The strangest and most magical day in the history of the Oscars was April 7, 1970. Somehow, a little X-rated drama called “Midnight Cowboy” won Best Picture.
Fifty years ago, the Academy consisted mostly of Hollywood insiders who remembered a time when foul language and nudity in movies was absolutely forbidden. And many still remembered the silent film era, when spectacle and broad comedy reigned and subtly and mundane drama was considered too boring for the big screen.
One thing is for sure: no one in the Academy had seen a major American movie quite like this. “Midnight Cowboy” tells the uncensored story of Joe Buck (Jon Voigt). He’s a good-natured, gregarious young Texan who has decided to move to New York City to earn a living sleeping with older ladies for money.
Where the heck did he get this idea? British director John Schlesinger gives us evocative flashbacks to Joe’s childhood, when he probably was molested by his grandmother and may have been raped by bullies.
Joe Buck is not the smartest guy, and his plan predictably falls flat. After an awkward and amusing series of prostitution misadventures, poor Joe finds himself dead broke and completely alone.
Before the mean streets of New York completely swallow him up, Joe is fortunate to find a friend. He meets a fellow unemployed lowlife named Enrico Rizzo (Dustin Hoffman). People call him Ratzo and he hates that more than anything. But he’s sickly and handicapped so he can’t do much about it.
Ratzo kindly invites Joe to live with him for free. Sounds like a pretty sweet offer, until we learn that Ratzo’s home is a one room apartment in a condemned building that has no electricity or heat.
“Midnight Cowboy” broke every conceivable rule of old Hollywood. There’s deviant sex and the tone is unrelentingly grim.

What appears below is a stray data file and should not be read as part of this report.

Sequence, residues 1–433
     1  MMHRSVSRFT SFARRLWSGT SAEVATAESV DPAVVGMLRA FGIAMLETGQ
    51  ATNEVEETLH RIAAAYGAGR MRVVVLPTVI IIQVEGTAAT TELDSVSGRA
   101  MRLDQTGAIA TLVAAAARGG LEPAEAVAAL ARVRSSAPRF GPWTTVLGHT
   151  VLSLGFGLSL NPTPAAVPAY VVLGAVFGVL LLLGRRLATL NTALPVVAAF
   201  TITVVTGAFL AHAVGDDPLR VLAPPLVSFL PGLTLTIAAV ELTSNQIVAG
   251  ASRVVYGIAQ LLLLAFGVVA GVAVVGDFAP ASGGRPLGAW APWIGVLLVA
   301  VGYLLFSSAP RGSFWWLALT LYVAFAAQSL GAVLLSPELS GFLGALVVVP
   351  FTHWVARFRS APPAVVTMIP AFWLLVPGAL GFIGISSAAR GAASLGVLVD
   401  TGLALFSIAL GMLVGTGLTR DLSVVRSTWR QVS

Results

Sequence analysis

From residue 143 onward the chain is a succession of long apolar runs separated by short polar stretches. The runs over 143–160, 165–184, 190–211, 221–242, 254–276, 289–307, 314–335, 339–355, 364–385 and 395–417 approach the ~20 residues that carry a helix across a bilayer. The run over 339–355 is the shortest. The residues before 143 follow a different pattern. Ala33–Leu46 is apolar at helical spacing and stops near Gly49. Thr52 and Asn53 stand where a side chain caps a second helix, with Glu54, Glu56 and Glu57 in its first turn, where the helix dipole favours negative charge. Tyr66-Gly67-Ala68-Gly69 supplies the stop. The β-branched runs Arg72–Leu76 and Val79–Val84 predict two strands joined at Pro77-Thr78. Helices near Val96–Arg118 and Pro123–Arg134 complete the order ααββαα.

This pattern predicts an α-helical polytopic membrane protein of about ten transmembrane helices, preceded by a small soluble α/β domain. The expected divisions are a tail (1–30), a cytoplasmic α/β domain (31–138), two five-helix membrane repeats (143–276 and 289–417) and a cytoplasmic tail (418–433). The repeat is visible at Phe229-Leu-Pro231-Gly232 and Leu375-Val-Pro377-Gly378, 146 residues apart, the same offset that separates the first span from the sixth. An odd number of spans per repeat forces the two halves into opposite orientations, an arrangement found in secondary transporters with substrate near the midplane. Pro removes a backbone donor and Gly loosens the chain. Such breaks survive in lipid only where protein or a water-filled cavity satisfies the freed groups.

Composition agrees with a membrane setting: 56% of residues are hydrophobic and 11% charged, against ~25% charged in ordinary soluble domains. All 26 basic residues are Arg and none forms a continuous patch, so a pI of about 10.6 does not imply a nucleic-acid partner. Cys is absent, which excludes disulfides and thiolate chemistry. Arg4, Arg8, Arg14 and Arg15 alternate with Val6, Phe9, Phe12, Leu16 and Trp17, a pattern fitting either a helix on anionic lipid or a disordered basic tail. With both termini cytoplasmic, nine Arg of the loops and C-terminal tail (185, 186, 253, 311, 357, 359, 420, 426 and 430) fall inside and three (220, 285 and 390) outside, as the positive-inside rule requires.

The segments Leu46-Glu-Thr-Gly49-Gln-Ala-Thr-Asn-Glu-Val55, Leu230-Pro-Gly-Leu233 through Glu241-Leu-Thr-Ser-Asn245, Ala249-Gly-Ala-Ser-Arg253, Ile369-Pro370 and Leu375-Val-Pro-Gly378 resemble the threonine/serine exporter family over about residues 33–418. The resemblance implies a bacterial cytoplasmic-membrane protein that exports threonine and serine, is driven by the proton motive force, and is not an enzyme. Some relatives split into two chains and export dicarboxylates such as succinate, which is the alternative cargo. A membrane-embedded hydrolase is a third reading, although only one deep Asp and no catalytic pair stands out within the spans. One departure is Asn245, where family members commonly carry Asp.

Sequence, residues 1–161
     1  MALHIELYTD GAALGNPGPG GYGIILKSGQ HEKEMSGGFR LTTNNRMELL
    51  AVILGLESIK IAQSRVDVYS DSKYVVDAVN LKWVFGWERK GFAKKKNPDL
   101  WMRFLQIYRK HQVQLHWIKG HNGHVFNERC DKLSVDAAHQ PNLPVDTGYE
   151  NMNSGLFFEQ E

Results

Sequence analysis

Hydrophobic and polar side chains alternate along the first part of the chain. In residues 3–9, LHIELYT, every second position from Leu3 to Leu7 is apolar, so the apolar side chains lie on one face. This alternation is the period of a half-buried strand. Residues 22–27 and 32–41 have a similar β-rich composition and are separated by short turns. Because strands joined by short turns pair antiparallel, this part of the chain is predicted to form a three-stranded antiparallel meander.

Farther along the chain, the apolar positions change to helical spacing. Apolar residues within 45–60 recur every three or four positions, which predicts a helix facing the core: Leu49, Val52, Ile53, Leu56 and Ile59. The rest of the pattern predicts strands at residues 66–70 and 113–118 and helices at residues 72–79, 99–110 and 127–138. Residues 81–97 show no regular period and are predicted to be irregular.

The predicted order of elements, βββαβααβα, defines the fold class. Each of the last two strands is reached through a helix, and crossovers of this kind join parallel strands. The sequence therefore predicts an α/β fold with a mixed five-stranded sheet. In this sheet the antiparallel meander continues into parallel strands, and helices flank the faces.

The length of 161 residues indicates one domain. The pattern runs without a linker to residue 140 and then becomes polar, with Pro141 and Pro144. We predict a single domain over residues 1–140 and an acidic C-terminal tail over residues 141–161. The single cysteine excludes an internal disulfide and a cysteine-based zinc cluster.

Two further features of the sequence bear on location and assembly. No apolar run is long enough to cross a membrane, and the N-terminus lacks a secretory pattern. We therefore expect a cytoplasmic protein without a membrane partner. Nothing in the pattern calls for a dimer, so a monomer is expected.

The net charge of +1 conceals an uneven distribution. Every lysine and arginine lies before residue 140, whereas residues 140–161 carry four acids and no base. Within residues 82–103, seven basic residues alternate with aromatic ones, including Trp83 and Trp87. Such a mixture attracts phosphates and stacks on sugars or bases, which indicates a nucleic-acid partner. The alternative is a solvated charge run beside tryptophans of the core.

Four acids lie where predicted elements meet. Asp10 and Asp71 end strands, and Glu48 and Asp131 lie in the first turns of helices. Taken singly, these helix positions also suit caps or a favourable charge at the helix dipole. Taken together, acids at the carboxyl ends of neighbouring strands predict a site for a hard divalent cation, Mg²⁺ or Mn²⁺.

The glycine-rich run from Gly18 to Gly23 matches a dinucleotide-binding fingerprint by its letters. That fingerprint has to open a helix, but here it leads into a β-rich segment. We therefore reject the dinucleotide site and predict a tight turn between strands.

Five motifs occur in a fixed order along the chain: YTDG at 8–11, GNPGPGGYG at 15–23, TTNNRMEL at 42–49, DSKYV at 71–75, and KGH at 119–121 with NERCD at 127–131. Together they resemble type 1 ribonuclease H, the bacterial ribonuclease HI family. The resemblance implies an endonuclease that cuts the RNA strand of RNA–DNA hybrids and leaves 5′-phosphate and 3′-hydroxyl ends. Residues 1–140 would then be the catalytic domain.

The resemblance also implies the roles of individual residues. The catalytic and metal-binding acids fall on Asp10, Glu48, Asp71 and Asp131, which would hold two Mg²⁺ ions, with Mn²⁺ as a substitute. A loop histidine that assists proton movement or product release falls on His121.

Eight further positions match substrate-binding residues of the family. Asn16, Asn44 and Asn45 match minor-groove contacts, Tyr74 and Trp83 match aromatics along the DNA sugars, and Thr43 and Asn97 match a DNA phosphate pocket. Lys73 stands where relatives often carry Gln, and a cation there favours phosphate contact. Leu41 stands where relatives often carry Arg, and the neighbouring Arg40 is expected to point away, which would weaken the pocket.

My favorite thing about “Midnight Cowboy” is how it presents Joe and Ratzo’s life of poverty. It doesn’t romanticize poverty or overdramatize it. We see the daily struggles of life without money or comfort, like the hassle of heating frozen food over a little fire and the luxury of a mug of hot soup.
John Schlesinger makes the forceful point that Joe Buck isn’t a homeless person: he’s a man who happens to have no home. He gets more desperate and a little harder around the edges – yes – but he’s still the same optimistic guy we met in Texas during the opening credits.
To a 21st Century audience, the film is a depressing reminder that city life has gotten even worse for poor people. Joe and Ratzo’s life is lousy, but at least they have beds, a roof over their heads, and some privacy. Today, there are fewer abandoned buildings, rent is much higher, and men like them are living in tents on the street.
“Midnight Cowboy” is a darn good movie. But it is most interesting to me as an Oscar mystery. What was in the Hollywood water in 1970? Why did they award Best Picture to a depressing, no-frills adult film?
I have no idea why the Academy did such a brave thing fifty years ago. I just think it’s amazing, and it partially makes up for the mediocre melodramas that have been winning Best Picture lately (“Parasite,” “The Shape of Water”).
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